HomeScienceSupporters of Aid in Dying Sue N.J. Over Residency Requirement

Supporters of Aid in Dying Sue N.J. Over Residency Requirement

Judy Govatos has heard the phrase “you’re in remission” twice, once in 2015 and again in 2019. She overcame Stage 4 lymphoma through aggressive chemotherapy and other treatments. Although she endured hardships, including hospitalizations, infections, and weight loss, she is grateful for the extra years of life she has been given. Ms. Govatos, a retired executive who now lives in Wilmington, Del., has been able to enjoy various activities such as taking lifelong learning courses, working in her garden, and traveling with friends. Spending time with her grandchildren brings her great joy.

However, Ms. Govatos is aware that her cancer could return, and she does not want to suffer through the pain and disability of further treatment attempts. She wants quality of life, even if it means less time alive. She has expressed to her oncologist that she wants medical aid in dying when her time comes. This would involve a doctor prescribing a lethal dose of medication that she would take on her own.

Unfortunately, aid in dying is currently illegal in Delaware. Although it is legal in neighboring New Jersey, the law restricts the option to terminally ill residents of the state. Ms. Govatos is one of four plaintiffs, including two patients and two doctors, who are taking New Jersey officials to federal court to challenge the residency requirement. They argue that it violates the Constitution’s privileges and immunities clause and equal protection clause. The lawsuit also claims that forbidding New Jersey doctors from providing aid in dying to out-of-state patients restricts interstate commerce.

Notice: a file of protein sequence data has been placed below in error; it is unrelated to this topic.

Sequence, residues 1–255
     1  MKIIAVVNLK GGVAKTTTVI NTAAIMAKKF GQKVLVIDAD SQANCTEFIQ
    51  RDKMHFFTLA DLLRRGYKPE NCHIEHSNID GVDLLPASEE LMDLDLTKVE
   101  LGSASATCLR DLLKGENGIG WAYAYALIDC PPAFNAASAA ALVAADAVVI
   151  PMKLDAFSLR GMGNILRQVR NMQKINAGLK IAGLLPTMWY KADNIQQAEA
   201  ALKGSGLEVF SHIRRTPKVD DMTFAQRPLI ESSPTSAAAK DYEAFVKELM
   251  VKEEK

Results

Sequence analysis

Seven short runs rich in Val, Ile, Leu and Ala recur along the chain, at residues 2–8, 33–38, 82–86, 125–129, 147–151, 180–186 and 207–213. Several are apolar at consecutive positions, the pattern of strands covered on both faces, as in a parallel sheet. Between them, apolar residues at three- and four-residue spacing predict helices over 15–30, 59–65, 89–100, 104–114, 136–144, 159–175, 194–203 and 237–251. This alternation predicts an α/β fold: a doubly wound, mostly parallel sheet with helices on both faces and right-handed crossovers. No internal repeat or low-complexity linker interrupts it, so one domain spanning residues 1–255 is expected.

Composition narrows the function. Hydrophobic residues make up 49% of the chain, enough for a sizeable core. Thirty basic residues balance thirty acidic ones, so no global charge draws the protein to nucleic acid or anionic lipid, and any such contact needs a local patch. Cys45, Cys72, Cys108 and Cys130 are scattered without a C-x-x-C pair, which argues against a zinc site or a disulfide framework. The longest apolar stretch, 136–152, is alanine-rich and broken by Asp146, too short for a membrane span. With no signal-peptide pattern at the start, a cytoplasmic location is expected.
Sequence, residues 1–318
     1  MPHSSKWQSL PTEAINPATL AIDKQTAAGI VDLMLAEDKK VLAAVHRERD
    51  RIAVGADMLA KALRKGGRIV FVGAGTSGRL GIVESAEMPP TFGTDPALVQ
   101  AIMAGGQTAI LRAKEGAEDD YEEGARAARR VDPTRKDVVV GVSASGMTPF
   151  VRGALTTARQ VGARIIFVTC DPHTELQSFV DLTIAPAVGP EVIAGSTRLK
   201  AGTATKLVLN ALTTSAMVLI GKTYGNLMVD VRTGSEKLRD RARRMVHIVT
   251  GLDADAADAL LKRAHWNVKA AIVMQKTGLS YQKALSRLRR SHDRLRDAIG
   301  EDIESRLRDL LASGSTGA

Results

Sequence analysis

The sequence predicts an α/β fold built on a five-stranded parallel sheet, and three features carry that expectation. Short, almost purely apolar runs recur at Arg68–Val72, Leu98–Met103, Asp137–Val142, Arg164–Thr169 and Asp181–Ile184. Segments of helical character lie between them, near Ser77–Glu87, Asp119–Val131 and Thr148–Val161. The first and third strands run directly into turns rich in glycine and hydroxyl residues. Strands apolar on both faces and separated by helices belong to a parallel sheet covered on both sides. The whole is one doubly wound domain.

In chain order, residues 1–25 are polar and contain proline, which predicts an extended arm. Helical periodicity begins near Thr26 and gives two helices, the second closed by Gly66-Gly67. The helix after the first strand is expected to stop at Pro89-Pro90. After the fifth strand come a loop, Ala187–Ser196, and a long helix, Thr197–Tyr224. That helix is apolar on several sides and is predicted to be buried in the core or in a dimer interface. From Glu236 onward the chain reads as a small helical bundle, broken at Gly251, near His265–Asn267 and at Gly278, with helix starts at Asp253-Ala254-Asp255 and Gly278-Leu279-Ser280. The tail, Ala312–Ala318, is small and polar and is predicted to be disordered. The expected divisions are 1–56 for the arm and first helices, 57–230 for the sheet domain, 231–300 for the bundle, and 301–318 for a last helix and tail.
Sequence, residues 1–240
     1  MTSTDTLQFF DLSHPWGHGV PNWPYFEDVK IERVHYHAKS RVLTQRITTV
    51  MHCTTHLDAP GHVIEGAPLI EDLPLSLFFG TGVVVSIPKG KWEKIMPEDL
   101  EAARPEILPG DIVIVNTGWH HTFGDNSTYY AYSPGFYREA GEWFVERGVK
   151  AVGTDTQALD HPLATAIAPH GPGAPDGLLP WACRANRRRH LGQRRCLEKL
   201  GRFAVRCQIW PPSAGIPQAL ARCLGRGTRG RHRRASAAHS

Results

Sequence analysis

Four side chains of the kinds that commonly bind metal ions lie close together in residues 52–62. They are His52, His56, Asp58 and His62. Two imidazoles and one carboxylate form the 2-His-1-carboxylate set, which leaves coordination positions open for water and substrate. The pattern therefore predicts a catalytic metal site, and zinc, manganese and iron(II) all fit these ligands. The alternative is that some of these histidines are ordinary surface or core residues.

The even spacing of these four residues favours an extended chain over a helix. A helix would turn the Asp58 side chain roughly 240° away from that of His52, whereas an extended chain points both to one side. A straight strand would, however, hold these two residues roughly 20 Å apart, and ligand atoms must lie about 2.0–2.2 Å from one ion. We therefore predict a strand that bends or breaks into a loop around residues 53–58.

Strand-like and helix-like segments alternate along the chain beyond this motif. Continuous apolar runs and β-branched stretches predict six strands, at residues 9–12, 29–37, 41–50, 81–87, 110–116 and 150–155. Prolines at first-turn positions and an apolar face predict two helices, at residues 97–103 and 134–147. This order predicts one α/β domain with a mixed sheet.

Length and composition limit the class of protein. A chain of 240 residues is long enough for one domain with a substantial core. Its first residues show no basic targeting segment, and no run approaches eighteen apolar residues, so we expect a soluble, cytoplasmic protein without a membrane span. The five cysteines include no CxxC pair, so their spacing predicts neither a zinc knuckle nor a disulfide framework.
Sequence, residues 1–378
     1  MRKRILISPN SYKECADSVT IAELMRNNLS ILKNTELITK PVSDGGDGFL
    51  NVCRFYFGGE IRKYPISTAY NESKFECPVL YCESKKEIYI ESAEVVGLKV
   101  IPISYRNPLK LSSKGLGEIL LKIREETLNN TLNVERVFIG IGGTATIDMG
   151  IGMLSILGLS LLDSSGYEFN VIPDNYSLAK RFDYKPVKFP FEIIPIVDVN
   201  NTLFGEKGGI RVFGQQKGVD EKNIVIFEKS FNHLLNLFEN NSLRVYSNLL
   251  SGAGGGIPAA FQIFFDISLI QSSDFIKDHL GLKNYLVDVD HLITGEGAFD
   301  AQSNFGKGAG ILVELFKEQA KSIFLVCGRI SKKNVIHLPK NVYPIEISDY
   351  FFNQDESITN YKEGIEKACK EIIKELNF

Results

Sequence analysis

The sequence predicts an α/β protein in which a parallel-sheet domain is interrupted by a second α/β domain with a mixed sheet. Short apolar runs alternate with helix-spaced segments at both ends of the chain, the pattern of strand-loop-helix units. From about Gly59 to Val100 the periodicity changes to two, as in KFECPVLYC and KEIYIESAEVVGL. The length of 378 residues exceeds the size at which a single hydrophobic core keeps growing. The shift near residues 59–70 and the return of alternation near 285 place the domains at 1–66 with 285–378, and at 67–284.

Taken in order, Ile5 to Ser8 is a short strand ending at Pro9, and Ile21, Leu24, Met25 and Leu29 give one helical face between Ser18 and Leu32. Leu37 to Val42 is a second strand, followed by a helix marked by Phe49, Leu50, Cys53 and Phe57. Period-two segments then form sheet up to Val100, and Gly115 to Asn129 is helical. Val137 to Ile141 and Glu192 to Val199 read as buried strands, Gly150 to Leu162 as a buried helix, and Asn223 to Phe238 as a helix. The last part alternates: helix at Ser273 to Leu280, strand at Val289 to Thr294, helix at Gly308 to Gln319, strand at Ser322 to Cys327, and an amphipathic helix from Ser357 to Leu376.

Compassion & Choices, the advocacy group involved in the lawsuit, has pursued similar cases in Oregon and Vermont. Both states settled and revised their statutes to eliminate residency requirements. The plaintiffs hope for a similar resolution in New Jersey.

Removing residency requirements in New Jersey could have a significant impact due to the state’s population density and accessibility. It would make medical aid in dying available to a larger number of people, more quickly than through legislation alone.

Ms. Govatos emphasizes that being able to legally end her life when she decides to is a matter of mercy and kindness. She wants to avoid experiencing unbearable pain and fear. The process would still involve meeting various requirements, such as verbal and written requests, consultations with doctors, and waiting periods. While it may not be as simple as picking up medication and going home, eliminating residency requirements would streamline the process for patients who are unable to establish residency.

Despite concerns about potential “death tourism,” where out-of-state patients travel to access aid in dying, past experiences in Oregon and New Jersey suggest that it is not a significant issue. Few patients actually use the prescribed lethal drugs, and fears of an influx of out-of-state patients have not materialized.

If New Jersey does not allow out-of-state patients to participate in aid in dying, Ms. Govatos may consider traveling to Vermont if her cancer returns. She envisions a farewell gathering with loved ones, filled with poetry, music, good food, and wine. However, she hopes it won’t come to that, as crossing the Delaware Memorial Bridge to New Jersey would be much simpler and more convenient for her.